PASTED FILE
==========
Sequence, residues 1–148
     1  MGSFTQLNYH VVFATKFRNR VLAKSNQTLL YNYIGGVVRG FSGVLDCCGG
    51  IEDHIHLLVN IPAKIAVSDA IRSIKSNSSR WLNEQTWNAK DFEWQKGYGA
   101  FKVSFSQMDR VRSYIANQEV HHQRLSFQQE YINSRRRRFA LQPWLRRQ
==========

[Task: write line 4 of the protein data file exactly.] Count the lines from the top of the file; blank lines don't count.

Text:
   101  FKVSFSQMDR VRSYIANQEV HHQRLSFQQE YINSRRRRFA LQPWLRRQ